Now, I have a long history of idly watching him play video games. I watched enough Diablo II (I think because I kept expecting this fight to be the one where something interesting happened) that I actually tried playing it. That lasted all of a few hours. The kill-loot-kill-boss fight-grind, grind grind and level drill got really, really old for me, really fast.
Dragon Age plays like a really mediocre tabletop RPG, which is frankly amazing*. The plot is a fairly straightforward near-railroad, with a few branches in key spots to make your decisions count. The exploration isn't endless, the fights are mostly brief and to the point, and they apparently paid the writers. (Also, half the writing team was female. I do think this makes a difference in appealing to non-traditional gamer audiences.) You get to dialogue (using menu choices), frequently, with recurring and non-recurring non-player characters.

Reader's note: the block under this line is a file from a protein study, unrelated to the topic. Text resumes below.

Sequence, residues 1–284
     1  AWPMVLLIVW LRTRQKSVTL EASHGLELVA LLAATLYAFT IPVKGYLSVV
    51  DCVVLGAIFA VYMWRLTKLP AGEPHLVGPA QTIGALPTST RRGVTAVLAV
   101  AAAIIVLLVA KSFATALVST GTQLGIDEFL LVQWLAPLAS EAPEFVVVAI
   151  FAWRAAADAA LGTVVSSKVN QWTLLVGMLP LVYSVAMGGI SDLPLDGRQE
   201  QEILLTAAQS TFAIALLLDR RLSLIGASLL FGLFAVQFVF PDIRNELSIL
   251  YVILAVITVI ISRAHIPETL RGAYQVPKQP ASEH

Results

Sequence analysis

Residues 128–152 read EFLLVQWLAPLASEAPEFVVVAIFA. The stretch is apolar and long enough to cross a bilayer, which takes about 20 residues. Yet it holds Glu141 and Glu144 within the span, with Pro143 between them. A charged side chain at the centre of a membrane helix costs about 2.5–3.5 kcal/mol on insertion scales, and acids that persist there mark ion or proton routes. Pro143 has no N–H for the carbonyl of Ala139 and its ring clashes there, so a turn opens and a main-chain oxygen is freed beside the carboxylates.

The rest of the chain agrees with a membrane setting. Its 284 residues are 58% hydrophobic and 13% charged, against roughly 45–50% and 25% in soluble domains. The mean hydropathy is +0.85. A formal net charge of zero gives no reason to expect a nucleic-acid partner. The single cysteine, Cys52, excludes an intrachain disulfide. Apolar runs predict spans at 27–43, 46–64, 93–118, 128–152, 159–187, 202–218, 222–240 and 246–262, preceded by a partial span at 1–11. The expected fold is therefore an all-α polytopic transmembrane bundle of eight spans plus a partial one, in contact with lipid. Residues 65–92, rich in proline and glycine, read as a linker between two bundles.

There is a Wise Mentor NPC, and his voice was maddeningly familiar. I asked the Dear Spouse, who was at the computer, to find out who it was and see what other voice credits he had. "He sounds like a Wise Mentor," I said, and lo, the exact character in question suddenly jumped to mind. "Splinter! Was he Splinter?"
Not only was Peter Renaday, the voice actor for Dragon Age's "Duncan" character, Splinter from Teenage Mutant Ninja Turtles, my favorite TV show when I was thirteen, he was Mandrake the Magician in Defenders of the Earth, which apparently no one else has ever seen.
This pleases me all out of proportion to its actual impact on my life. It's like an unexpected visit from an old friend.
*Speaking as both a GM and an AI researcher. The branching factor in an open-ended tabletop RPG would absolutely kill any AI planner we have today. They can't improvise on the fly when the party suddenly decides to dress in drag and do the hula.